It is very important that this government quickly makes this transition from control and regulation to enablers of creative ecosystem in order to make Digital India a reality. You can have legislation today and safely regulate against the misuse of the internet while allowing for vibrant, creative, innovative, free expression on it. That is the balance that needs to be achieved by the government, with the twin objectives of guaranteeing safe as well as free internet.
Hence, it becomes very important for the new government to move quickly and craft a new IT Act to fulfil India’s role as a global technology leader and indeed as a democracy that’s redefining the role of citizenship and government and for the success of Digital India.
What should be the key elements of such a new law that you are talking about?
The repeal [of Section 66A] and this verdict suggest to the government that this law is dated. So, the message to the government really is, please go out and create a contemporaneous law, a modern law that addresses both the objectives, preserves the Article 19(1) guarantee of free speech, and if there is anything that you want to do vis-à-vis Article 19(2), make sure that it passes the test – that it really is a proven cognisable offence.
A free and fair internet is crucial for innovation, connection and economic growth. By repealing Section 66A, India is now ready for a technological leap, that the government’s laudable Digital India programme shall foster. A safe internet and a free internet can co-exist and the government should now come with amendments that address this co-existence.
Whenever our fundamental rights are challenged, it is the judiciary that intervenes, not the political executive. Why?
This is something that is not exclusive to India. Governments the world over tend to be over-cautious and try to introduce unnecessary regulation to curb citizens’ freedom, often citing national security as an excuse. Governments need to be more open to scrutiny, and this is an attitudinal shift that can only happen with time.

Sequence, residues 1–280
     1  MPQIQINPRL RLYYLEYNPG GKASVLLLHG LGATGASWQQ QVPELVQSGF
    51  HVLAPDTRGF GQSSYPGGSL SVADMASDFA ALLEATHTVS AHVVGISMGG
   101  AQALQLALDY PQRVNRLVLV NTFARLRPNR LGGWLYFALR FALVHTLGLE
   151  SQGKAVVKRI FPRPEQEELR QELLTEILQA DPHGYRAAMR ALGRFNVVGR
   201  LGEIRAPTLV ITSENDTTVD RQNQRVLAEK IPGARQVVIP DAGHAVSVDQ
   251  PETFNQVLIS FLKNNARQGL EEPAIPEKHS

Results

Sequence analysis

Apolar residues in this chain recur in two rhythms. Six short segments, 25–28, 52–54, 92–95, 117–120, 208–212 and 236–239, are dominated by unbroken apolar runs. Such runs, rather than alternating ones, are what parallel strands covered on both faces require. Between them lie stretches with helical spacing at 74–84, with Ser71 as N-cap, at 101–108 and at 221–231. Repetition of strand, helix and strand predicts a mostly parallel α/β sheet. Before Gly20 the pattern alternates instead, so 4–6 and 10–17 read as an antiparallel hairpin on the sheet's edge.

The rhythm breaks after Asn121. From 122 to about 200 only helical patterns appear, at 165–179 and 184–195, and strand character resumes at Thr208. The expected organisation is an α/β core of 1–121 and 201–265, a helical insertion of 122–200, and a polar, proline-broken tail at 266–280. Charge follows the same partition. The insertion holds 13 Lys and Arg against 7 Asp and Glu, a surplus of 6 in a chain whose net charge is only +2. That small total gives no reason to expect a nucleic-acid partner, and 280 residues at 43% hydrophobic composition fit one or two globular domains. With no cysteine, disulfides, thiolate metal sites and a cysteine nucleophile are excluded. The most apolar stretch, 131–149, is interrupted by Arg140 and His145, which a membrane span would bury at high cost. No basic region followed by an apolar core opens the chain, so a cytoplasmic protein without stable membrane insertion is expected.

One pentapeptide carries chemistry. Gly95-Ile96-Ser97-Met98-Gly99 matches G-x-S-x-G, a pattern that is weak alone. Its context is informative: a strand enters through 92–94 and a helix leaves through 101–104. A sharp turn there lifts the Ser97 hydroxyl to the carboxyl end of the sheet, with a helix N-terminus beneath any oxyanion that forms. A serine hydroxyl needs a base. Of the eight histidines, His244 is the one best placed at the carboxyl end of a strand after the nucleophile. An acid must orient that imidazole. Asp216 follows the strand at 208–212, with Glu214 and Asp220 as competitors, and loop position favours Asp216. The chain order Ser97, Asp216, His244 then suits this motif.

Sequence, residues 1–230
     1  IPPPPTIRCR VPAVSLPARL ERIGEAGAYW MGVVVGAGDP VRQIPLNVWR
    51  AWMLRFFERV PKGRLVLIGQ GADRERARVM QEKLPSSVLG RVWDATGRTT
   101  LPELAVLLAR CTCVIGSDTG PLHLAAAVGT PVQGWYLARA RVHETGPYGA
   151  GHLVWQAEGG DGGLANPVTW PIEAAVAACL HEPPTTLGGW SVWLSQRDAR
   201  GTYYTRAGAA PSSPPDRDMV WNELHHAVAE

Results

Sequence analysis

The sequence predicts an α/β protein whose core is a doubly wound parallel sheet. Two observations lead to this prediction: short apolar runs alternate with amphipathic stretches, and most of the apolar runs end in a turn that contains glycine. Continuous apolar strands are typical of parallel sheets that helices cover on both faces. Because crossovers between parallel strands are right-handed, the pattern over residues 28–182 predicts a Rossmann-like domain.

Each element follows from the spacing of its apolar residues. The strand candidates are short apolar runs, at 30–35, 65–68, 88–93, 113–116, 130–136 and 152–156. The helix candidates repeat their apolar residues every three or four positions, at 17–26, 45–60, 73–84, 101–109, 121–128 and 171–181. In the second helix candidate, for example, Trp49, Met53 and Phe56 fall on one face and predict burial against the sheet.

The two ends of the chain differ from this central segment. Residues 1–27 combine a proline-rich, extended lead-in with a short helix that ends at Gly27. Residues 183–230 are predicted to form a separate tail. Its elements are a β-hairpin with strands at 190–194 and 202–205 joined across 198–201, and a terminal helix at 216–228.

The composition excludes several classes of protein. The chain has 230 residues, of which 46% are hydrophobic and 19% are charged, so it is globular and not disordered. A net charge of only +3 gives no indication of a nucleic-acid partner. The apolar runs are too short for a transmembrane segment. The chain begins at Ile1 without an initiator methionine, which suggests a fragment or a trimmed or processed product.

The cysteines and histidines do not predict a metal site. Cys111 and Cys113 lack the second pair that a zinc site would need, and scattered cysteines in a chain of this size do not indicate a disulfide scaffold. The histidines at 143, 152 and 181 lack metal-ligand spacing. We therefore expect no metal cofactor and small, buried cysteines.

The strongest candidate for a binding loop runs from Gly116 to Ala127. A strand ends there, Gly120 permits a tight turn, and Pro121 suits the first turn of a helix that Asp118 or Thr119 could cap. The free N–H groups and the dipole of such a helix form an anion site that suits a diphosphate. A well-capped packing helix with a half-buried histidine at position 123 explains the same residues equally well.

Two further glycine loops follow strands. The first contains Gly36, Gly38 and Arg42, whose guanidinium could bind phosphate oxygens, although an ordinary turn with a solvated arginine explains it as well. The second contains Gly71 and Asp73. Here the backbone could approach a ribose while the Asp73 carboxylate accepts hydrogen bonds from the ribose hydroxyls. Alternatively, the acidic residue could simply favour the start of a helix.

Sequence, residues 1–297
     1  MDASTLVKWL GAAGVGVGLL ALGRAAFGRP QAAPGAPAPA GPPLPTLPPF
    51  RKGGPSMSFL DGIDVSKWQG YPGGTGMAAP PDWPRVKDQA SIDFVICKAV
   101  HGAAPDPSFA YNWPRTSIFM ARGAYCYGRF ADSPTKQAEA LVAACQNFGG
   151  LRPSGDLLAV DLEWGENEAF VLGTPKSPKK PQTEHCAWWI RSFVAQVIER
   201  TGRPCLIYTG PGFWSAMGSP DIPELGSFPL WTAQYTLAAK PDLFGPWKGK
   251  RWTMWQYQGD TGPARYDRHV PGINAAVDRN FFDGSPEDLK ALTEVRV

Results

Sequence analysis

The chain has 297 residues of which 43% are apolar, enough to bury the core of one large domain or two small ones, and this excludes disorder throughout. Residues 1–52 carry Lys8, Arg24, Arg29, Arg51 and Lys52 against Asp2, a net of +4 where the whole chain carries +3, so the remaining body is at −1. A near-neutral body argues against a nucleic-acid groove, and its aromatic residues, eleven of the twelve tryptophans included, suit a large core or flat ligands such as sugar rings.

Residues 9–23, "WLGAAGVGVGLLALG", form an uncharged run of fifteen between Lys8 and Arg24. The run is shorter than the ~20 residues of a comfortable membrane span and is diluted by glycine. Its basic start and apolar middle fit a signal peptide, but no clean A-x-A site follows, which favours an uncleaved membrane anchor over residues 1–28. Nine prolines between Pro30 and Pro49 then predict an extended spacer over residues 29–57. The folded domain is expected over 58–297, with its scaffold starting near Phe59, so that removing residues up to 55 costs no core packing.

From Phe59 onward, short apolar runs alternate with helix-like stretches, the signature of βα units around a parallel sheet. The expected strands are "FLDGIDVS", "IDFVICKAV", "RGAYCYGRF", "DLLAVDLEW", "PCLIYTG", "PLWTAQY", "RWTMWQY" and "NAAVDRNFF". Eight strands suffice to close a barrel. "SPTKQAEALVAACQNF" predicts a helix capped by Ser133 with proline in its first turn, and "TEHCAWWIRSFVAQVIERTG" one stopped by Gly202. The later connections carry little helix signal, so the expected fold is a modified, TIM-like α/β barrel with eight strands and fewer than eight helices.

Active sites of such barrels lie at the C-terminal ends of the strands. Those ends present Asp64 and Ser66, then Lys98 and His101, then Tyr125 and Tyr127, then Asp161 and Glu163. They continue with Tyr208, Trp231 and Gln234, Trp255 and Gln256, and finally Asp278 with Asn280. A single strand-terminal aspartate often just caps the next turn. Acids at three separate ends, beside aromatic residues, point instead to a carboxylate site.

In my own experience with Section 66A, this fact became very clear. When a MP like me exhausts all his options – to raise it in parliament, approach the prime minister and the minister – and the government fails to respond, I am left with no recourse. Then you take the last resort left for most citizens, which is approach the supreme court and file a PIL, which is what I did. This is not the first time that I have had to use this approach. I have done it in the past as well.
How do you view Section 69A, which deals with the centre’s power to block content?
I do believe the government has to have the powers to intervene when the internet is being misused, as in many cases involving pornography, cyber-bullying/stalking, and incitement. However, these powers must have fetters and must also be carefully used; which is what the supreme court has said in its observation of section 69A.
In 2014, Facebook restricted access to more than 10,000 pieces of information, the highest anywhere in the world, in response to requests from the government. Do you see this as challenge to free speech or an exercise of sovereign power to ensure security?
The high number of requests for content take-down in India is indeed worrying. However, without ensuring the details and exact nature of these take-downs, it would be very difficult to comment. If a large majority of these have to do with real crimes/misuse of the internet then this could be characterised as a legitimate exercise of government power. However, if many of these fall under the category of discretionary/ad hoc take-downs, these could be seen as a legitimate threat to free speech and expression.
(The interview appears in the April 16-30, 2015, issue)
Meet Shreya Singhal, one of the petitioners whose PIL led to the scrapping of Section 66A